- $39 for side orchestra seating on Tuesdays, Wednesdays, and Thursdays at 8 p.m. (up to $65 value)
- $49 for mid- and rear-orchestra seating on Tuesdays, Wednesdays, and Thursdays at 8 p.m. (up to $85 value)
- $49 for side orchestra seating on Fridays and Sundays (up to $69 value)
- $59 for mid- and rear-orchestra seating on Fridays and Sundays (up to $89 value)
- Click here to view dates, times, and seating charts
Bullets over Broadway
Every artist has to sacrifice some integrity to find success, but in 1928, idealistic playwright David Shayne is about to lose the only morals he has left. Sure, he’s found a backer to produce his very serious play, Gods of Our Fathers, on Broadway. But that backer is mob boss Nick Valenti, who insists that his moll Olive gets a big role in the play. Nick’s the guy you say “no” to if you like wearing cement shoes, and the grating Olive is about as talented as a cement sock. It doesn’t help that the cast and crew loathe the neurotic David and his play, and that the lead actor seems insistent on eating himself to death. But that’s just the beginning of David’s artistic compromises—he soon finds himself engaging in an affair with the lead actress, and even taking credit for someone else’s words. As the formerly proud artist falls further from his lofty ideals, the situation devolves into one very funny downward spiral.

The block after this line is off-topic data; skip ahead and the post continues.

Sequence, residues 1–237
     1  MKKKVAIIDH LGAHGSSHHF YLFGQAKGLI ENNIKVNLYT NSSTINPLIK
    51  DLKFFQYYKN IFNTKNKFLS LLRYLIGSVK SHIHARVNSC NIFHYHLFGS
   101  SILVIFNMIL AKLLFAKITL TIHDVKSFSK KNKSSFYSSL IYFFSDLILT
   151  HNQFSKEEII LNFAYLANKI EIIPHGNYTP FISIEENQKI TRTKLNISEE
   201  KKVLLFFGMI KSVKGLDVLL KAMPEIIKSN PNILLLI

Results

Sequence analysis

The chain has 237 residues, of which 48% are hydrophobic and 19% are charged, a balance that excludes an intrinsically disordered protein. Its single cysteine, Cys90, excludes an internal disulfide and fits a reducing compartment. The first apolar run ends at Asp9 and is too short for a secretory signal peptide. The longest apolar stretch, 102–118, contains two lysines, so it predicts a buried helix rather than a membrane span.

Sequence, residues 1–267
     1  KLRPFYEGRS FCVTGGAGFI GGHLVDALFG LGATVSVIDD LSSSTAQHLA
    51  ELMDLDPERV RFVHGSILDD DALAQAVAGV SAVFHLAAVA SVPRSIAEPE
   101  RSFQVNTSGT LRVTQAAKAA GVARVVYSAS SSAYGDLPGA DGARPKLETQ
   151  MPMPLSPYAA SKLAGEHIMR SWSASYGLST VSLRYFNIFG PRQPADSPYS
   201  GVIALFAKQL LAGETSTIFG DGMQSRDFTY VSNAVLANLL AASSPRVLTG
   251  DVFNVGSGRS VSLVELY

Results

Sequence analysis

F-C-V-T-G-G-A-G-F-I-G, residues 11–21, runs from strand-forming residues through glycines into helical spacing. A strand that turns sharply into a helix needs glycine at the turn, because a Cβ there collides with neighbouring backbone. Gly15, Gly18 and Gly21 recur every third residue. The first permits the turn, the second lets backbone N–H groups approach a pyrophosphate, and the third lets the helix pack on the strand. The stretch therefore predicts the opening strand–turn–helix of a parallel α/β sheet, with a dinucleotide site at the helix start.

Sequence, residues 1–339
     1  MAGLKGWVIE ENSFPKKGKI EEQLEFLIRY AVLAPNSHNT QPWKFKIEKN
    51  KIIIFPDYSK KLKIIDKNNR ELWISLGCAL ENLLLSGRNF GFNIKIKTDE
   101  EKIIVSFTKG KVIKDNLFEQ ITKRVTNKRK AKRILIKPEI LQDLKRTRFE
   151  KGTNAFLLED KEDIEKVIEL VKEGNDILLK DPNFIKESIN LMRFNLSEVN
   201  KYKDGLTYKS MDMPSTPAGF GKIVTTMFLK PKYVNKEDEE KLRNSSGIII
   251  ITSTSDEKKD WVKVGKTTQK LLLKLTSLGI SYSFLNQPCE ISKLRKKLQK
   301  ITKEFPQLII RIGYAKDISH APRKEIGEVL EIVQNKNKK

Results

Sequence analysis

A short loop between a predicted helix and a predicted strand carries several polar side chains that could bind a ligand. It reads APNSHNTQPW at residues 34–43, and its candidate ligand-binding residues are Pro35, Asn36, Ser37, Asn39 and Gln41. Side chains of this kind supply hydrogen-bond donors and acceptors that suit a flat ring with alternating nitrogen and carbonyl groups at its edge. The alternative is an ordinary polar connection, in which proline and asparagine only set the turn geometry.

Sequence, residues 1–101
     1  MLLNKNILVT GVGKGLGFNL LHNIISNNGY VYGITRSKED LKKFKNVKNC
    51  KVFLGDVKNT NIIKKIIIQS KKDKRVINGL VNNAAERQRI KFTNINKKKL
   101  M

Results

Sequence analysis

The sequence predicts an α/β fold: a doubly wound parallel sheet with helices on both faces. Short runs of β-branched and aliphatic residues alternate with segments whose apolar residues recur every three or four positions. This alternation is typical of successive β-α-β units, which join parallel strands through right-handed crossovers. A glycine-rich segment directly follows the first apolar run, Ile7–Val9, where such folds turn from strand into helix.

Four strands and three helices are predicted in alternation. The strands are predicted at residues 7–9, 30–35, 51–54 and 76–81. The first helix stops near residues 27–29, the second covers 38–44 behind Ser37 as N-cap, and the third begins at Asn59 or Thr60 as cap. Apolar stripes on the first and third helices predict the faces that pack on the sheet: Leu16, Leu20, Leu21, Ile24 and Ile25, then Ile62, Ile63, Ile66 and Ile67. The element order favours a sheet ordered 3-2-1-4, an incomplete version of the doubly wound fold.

Based on the screenplay of the award-winning film, Bullets over Broadway marks a landmark collaboration between writer Woody Allen and Tony-acclaimed director and choreographer Susan Stroman. It also pops with classic tunes from the ’20s and ’30s. Jazz standards such as “Gee, Baby, Ain’t I Good to You” and “I’m Sitting on Top of the World” weave throughout the script, adding levity and fuel for shimmying dance numbers.